I got breakfast with Gina at the same place. I then did laundry, and she and I laughed at Japanese dramas and cartoons until she was ready to check out and head for her train. She made a good point when she said that I could “just meet other people,” in the sense that she and the guys weren’t the only possible travel companions I could have. I’m terrible with goodbyes, I do almost anything I can to avoid them, at the expense of my time. Gina was calm and didn’t have this problem. I really enjoyed her company and getting to know her. We hugged and she left.
I then mailed two postcards and got one of those cold coffee drinks from a convenience store. I folded up my laundry, responded to some FB messages, and now I am writing th9is. I think that if I could do this over I would have flown to Osaka still but would have gotten the train pass so I could fly out of Tokyo (or vice versa…I feel like I am missing out a little bit by not going to Tokyo. But going there and back without a pass is financial suicide, it would be over 200 dollars including returning back to Tokyo).
So after writing this, I waited for Howard and Ray to arrive. At 4:30ish they finally got there. We made our way to the bus stop. Howard didn’t want to go to the Onsen (Asian sauna where you don’t wear clothes) so we parted at that point. We made plans to meet up at the bus station again at 7:30. Ray and I rode the bus to Funaoka Onsen’s nearest stop. It was harder to find than we expected, but Ray was really good at asking for directions. We did eventually find it though. It was a little smaller than the Korean jimjibang I usually go to in Korea but I enjoyed it. There was even an “electric bath” where somehow there was a contained electric current in the water. I couldn’t go for for more than 10 seconds. There was a note advising people with heart conditions not to use that pool. It was cool in theory but for some reason I couldn’t stay in it!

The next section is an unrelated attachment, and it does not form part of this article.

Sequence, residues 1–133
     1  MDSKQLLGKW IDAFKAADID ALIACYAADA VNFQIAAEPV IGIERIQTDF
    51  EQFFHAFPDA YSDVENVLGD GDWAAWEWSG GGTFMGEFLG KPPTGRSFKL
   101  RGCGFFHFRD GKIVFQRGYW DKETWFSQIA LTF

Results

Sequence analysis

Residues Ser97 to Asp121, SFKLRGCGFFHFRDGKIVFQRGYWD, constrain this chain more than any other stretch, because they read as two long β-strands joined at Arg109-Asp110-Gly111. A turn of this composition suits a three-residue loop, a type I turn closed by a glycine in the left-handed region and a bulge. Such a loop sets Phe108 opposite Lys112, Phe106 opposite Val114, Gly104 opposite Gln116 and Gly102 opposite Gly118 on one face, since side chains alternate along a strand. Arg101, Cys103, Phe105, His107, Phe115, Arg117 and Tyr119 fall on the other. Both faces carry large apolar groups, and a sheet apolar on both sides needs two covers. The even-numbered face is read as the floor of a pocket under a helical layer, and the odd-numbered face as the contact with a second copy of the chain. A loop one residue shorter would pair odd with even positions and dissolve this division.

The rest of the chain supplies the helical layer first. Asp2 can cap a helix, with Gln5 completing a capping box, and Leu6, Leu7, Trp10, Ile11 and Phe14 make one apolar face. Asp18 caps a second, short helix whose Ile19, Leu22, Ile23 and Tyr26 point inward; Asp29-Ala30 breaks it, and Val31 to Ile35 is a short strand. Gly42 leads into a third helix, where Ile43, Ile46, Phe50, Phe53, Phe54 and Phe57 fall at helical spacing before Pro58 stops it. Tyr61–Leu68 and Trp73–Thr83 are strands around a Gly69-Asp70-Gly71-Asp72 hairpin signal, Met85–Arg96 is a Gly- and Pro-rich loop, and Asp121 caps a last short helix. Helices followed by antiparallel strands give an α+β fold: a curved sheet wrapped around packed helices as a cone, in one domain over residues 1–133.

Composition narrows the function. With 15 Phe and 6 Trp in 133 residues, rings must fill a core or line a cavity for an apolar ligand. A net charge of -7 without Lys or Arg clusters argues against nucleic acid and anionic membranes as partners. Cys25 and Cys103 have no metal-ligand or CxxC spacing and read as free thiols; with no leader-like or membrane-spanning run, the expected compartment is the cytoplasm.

A girl struck up a conversation with me but when she went to another pool I figured that was the end of it. She was Korean by nationality, but had been born in Japan and only spoke Japanese as her native tongue (and English obviously). But then when I was in the dressing room she approached me again and asked if I wanted to join her and her friends to see the burning letters (daimonji ) on her friends’ rooftop. Ray had to go get Howard, and I went ahead and joined her friends. They took ages to get there due to a fire and immense traffic but once they were there we all enjoyed talking to one another. There were varying levels of English, and between the three of us I had the lowest Japanese level. But it was fun. Ray and Howard realized they wouldn’t make the last JR train to Osaka, I apparently missed the last bus out too. We left around 1:00 and I didn’t get back to my hostel until like 2:30 am or something like that.